EGU22-12050
https://doi.org/10.5194/egusphere-egu22-12050
EGU General Assembly 2022
© Author(s) 2022. This work is distributed under
the Creative Commons Attribution 4.0 License.

Development of a new rapid method for quartz purity control by luminescence for cosmogenic nuclide dating

Christopher Lüthgens1, Stephanie Neuhuber2, Ágnes Novothny3, and Zsófia Ruszkiczay-Rüdiger4
Christopher Lüthgens et al.
  • 1Institute of Applied Geology, Department of Civil Engineering and Natural Hazards, University of Natural Resources and Life Sciences, Vienna, Austria (christopher.luethgens@boku.ac.at)
  • 2Institute of Applied Geology, Department of Civil Engineering and Natural Hazards, University of Natural Resources and Life Sciences, Vienna, Austria (stephanie.neuhuber@boku.ac.at)
  • 3Institute of Geography and Geology, Department of Physical Geography, Eötvös Loránd University, Budapest, Hungary (agnes.novothny@ttk.elte.hu)
  • 4Institute for Geological and Geochemical Research, Research Centre for Astronomy and Earth Sciences, Eötvös Loránd Research Network, Budapest, Hungary (rrzsofi@geochem.hu)

Applications of in situ produced cosmogenic 10Be and 26Al for age determination of rock surfaces and sediments use quartz containing lithologies, because these nuclides are produced and retained within the crystal lattice of this mineral. To be able to calculate reliable ages, it is essential to work with pure quartz grains. The most problematic contaminant is the mineral feldspar for three reasons: 1) 10Be and 26Al can also be produced in feldspar but at a different production rate 2) feldspar contains copious amounts of Al and can thus contribute stable Al (27Al) in high amounts 3) it is ubiquitous and often intergrown with quartz. This leads to problems during sample processing and during Accelerator Mass Spectrometry  measurement where the rare nuclide 26Al may reach its detection limit.

During sample processing the crushed and sieved rock samples are subject of physical (magnetic-, shape- and density separation) and chemical (leaching in acids) cleaning steps in order to remove all minerals (e.g. feldspars, mica, amphiboles, etc.) and have the quartz grains concentrated and purified. If the sample is sufficiently clean (i.e. the Al content is below 200 ppm) the purified quartz can enter total dissolution as the next step of nuclide extraction.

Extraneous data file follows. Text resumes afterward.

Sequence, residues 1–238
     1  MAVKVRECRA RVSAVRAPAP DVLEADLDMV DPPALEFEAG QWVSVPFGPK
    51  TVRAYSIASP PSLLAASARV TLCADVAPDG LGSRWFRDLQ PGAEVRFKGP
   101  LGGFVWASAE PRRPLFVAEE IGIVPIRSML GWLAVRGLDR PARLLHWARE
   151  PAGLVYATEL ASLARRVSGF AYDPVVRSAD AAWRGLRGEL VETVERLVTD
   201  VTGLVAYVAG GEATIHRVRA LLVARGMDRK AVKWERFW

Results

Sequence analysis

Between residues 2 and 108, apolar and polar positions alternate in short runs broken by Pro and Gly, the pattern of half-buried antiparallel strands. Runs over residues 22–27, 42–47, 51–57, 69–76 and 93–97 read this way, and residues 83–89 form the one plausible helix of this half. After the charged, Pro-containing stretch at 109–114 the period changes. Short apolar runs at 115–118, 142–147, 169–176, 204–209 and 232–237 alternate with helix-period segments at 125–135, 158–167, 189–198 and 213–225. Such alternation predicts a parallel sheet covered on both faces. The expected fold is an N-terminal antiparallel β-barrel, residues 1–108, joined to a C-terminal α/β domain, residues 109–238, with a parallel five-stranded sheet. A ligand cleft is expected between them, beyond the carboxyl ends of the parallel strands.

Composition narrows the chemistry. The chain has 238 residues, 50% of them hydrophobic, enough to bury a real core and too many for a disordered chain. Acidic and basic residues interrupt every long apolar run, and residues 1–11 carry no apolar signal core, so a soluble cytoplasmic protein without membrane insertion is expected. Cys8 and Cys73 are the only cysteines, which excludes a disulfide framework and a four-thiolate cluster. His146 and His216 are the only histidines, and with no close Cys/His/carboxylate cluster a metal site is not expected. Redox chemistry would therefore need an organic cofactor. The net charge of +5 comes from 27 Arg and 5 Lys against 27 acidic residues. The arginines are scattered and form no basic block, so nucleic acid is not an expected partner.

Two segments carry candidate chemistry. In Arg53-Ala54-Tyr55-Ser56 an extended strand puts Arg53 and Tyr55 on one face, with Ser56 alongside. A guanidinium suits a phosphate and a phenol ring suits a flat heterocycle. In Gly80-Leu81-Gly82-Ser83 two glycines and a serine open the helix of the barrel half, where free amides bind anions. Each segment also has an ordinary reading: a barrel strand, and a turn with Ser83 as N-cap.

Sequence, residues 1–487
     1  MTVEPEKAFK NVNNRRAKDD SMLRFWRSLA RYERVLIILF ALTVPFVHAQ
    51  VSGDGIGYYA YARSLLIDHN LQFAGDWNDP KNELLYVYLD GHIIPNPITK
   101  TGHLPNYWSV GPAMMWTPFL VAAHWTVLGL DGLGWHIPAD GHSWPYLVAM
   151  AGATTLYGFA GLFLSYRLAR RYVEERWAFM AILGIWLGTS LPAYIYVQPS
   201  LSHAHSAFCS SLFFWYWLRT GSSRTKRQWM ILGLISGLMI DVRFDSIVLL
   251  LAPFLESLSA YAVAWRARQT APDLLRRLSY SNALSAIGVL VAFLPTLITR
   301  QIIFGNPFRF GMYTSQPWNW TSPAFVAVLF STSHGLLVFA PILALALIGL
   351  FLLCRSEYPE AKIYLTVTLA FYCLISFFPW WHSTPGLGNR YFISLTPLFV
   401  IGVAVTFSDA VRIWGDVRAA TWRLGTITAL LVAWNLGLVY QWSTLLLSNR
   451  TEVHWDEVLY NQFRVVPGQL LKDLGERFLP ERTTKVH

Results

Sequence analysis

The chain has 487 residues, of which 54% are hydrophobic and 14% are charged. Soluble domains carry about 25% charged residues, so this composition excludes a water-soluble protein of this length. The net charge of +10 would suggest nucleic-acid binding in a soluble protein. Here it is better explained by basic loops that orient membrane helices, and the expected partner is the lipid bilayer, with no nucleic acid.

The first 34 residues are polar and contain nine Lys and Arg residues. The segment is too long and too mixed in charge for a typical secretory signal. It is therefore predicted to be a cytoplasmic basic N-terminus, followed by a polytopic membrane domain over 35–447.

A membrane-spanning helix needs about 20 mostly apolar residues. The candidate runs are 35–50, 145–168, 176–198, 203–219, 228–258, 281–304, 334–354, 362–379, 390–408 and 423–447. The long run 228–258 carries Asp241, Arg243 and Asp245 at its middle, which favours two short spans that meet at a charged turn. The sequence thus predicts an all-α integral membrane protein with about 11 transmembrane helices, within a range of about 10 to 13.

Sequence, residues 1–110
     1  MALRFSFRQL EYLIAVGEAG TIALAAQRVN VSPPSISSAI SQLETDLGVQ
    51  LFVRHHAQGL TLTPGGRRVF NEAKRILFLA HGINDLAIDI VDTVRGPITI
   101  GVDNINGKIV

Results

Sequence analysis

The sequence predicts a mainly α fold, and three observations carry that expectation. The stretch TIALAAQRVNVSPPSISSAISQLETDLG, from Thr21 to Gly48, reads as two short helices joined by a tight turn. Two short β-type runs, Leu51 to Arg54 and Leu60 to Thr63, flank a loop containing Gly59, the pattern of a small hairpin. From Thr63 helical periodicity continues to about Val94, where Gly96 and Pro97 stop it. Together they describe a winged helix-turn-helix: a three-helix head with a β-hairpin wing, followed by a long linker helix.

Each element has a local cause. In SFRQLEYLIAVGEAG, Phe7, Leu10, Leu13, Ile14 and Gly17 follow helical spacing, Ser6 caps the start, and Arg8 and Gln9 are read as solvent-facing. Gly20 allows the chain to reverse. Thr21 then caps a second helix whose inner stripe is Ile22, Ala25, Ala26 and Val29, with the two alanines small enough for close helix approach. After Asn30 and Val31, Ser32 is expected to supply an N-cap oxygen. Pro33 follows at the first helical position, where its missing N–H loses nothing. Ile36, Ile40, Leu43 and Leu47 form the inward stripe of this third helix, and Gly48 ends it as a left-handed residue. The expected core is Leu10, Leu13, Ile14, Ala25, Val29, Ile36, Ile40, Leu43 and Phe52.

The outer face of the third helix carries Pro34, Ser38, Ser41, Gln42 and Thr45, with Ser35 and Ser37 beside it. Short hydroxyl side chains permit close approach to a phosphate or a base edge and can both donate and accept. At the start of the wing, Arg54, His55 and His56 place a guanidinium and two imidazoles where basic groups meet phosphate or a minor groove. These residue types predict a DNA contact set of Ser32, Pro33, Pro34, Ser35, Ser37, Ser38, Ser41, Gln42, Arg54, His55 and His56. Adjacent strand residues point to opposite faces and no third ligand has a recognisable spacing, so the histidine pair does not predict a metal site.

Several methods are used to check the mineralogical composition and the quality of the purified quartz sample. 1) Optical investigation using a binocular microscope, 2) X-ray diffraction (XRD) analysis of mineralogy, 3) Al content analysis after digestion and element detection as high Al content is indicative of the presence of Al containing minerals like feldspars or mica within the pure quartz fraction.

Each of those methods has individual limitations. Optical investigation may be hindered by the etched surface and quartz may look surprisingly similar to feldspar after etching. XRD has its detection limit at c. 5%, and with respect to Al content analysis, some quartz-types may naturally contain larger amounts of Al. Besides, chemical analysis as well as XRD – if not available in house – may have a long waiting time and high costs.

Here we report first results of exploring the potential of luminescence as a fast and cost-efficient alternative method to determine the content of contaminant feldspars in quartz as infrared stimulation only excites feldspars, but not quartz. The experimental setup consists of a parallel analysis of the samples using XRD to detect the bulk mineralogy, element analysis by ICP-OES analysis, and luminescence analyses, in order to develop a short, efficient luminescence measurement sequence reliably detecting feldspar contamination in samples for cosmogenic dating. While some results are promising for individual samples, the results for other samples are still ambiguous. The respective data will be presented at the conference.

This study was supported by the following projects: OMAA 105ou4, NKFIH 124807.

How to cite: Lüthgens, C., Neuhuber, S., Novothny, Á., and Ruszkiczay-Rüdiger, Z.: Development of a new rapid method for quartz purity control by luminescence for cosmogenic nuclide dating, EGU General Assembly 2022, Vienna, Austria, 23–27 May 2022, EGU22-12050, https://doi.org/10.5194/egusphere-egu22-12050, 2022.